Hybrid Identity Management
Last Thursday I spent the day with Microsoft in London finding out about their latest developments in mobile working strategy, data protection, and BYOD integration at an Enterprise Mobility Workshop.
I took pages of notes (OneNote was once again a winner) but the session I’m going to focus on in this post was around Hybrid Identity Management.
The Microsoft Hybrid Identity Management solution is (unsurprisingly) based around Active Directory and it’s cloud cousin Azure AD, and this is core to the entire Enterprise Mobility piece. The subject kept coming back in later sessions during the workshop- Azure AD was a real lynchpin of this whole day- and I got the impression that it’s vital that this is done right if any Mobility solution is going to work.
A great comprehensive dive into hybrid identity management this morning with @tr5tn this morning. #Azure #MSFT— Chris Bradshaw (@aldershotchris) September 24, 2015
We’re living in a world of SaaS, IaaS, PaaS, anything as a Service. We have applications and services in the cloud, and “clouds are talking to clouds”. We have users on devices both on premises and out there in the big wide world. Identity Management is key to all of these issues, if everyone has a separate username and password for each service they use we find usernames and passwords recorded on Post-It notes so they can all be remembered. In addition, when a member of staff leaves, the organisation has to work hard to ensure that access to all those services is revoked.
Microsoft Azure Active Directory Premium offers “connectors” which enable other services- things such as Salesforce, WordPress, even Twitter, to use AD credentials. The user logs in to the 3rd party service in the same way they would to Office365. If an organisation has a specific service not on the list, there’s the interfaces and API’s available to allow a new connector to be developed. There is some variety in the “richness” of these connectors. As well as individual users being authenticated some of the connectors provide additional functionality- for example the Salesforce connector can actually provision new users within Salesforce based on AD Group membership.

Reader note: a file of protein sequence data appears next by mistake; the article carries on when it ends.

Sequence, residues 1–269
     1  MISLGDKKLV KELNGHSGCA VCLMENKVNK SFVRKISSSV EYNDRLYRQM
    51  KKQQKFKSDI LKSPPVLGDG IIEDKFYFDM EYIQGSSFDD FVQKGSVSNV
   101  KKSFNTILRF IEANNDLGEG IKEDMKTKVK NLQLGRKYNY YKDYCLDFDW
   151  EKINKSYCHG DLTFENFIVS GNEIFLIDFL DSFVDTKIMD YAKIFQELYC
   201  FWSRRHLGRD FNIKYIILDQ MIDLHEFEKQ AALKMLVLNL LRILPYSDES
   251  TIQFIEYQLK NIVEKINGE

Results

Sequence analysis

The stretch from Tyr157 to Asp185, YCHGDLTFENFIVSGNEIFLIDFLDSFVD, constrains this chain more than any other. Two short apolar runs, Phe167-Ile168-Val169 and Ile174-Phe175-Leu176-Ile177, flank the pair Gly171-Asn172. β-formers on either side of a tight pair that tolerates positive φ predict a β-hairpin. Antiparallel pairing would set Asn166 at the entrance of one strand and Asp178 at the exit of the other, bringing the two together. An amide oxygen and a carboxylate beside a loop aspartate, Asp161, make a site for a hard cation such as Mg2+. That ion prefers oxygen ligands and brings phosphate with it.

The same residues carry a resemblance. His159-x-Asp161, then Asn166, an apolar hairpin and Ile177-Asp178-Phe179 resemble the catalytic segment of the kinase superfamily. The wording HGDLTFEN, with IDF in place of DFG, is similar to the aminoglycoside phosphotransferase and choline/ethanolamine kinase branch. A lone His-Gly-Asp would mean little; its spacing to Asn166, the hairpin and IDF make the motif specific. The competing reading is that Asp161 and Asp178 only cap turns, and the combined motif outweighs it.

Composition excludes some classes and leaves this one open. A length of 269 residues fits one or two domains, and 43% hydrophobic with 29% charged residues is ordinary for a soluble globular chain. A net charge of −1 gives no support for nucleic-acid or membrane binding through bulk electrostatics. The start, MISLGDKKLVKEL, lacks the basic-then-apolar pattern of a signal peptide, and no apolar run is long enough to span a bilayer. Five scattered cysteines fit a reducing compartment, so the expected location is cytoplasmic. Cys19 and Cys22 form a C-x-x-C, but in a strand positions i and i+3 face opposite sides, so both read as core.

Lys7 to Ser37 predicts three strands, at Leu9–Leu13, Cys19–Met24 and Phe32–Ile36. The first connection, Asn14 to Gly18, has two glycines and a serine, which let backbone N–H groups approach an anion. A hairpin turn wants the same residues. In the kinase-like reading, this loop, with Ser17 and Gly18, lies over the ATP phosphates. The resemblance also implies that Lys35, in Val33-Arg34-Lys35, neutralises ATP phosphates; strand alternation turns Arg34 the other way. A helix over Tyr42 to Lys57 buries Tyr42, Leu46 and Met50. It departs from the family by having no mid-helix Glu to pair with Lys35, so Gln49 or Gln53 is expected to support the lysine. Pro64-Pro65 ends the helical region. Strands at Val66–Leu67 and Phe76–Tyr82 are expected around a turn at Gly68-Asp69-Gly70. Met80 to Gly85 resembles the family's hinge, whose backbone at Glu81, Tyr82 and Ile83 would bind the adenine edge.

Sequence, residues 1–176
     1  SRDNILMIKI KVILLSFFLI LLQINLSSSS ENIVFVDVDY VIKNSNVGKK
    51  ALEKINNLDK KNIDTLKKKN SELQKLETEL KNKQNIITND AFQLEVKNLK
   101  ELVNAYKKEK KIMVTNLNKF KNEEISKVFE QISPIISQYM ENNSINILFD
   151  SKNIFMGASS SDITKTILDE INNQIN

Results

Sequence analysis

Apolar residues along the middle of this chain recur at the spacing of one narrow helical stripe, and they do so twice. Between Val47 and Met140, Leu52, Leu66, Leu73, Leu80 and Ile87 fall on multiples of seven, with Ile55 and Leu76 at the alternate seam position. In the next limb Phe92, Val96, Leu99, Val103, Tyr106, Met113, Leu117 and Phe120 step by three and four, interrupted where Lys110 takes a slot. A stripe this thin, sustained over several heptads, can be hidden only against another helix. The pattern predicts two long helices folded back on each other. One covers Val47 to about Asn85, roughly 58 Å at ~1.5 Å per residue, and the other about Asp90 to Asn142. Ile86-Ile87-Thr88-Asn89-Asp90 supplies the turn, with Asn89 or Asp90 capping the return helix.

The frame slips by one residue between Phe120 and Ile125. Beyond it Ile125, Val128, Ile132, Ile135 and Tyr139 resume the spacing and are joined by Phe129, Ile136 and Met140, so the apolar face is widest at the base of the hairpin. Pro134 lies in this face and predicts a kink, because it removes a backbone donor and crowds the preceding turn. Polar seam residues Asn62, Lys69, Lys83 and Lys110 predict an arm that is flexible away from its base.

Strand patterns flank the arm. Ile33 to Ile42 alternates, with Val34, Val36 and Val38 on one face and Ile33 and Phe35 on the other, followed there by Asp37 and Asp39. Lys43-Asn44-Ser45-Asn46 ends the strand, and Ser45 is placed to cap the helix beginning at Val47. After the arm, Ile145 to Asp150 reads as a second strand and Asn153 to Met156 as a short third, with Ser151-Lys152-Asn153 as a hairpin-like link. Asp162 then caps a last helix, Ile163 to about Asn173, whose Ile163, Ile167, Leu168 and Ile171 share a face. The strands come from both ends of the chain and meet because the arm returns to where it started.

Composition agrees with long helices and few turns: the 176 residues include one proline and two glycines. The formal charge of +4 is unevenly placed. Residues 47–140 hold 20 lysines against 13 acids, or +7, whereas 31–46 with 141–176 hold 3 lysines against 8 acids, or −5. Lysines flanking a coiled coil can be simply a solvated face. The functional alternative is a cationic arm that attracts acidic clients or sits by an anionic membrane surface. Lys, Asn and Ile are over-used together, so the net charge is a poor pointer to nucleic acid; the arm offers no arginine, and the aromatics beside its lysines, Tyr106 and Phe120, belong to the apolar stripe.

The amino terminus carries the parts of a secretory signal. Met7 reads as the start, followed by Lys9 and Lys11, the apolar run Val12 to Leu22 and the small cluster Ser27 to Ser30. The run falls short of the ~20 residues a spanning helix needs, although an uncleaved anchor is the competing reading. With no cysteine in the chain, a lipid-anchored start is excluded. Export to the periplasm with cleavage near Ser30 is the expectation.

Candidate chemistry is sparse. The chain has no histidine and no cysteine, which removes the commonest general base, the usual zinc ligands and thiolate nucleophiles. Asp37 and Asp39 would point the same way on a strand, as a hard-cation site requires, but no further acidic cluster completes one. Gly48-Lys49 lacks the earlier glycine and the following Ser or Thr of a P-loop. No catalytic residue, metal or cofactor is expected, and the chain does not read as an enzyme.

The result of this integration is that IT can potentially provide “Single Sign On” (or at least “Same Sign On”) for all the services hosted both on-premises but also those cloud offerings- even Multi-factor authentication if that is required. The need for users to have secondary credentials for certain services and applications is reduced.
In addition there is Azure Active Directory Application Proxy. This is a feature whereby Azure is used to authenticate a user (again, including the option of 2FA) before they have access to an on-premises application. The user is approved before any traffic is allowed down the wire into the corporate network. Therefore, rather than the corporate firewall, local Active Directory, and the application server being responsible for guarding the gate and potentially susceptible to brute force and DoS attacks- this is all handled by the elastic and monitored cloud service.
If an organisation collaborates with external companies, and needs to grant them access to corporate resources, this can also be done using AAD. Traditionally this was done with an “internal” user account (which would naturally end up with more access than ideal) or an often clunky federated trust. Azure AD can work as a federation broker. You trust Azure AD, they trust Azure AD and you map the trust in Azure AD. If the external company doesn’t have an Azure AD setup then individual (and free) ad-hoc accounts can be created by them using a regular email address but either way you can specify granular access to your resources and revoke it when required.
With “Conditional Access Control” the service checks for more than just the identity of the user before granting access to resources. It also takes into account the authorisation strength- does a user need to login with 2FA to get access to that particular resource? It checks what device the user is on- is it known, managed, compliant, and not reported stolen? It checks what the business sensitivity of the application concerned is, and the location of the user. The whole point is to make sure that resources can only be accessed by the right person, in the right place, on the right device, and minimise the risk of business data being accessed incorrectly.
So there’s lots of features out there, not all of which need to be implemented on day 1 of a rollout, but without that solid Identity Management foundation, the pillars of Enterprise Mobility will be shaky from the start.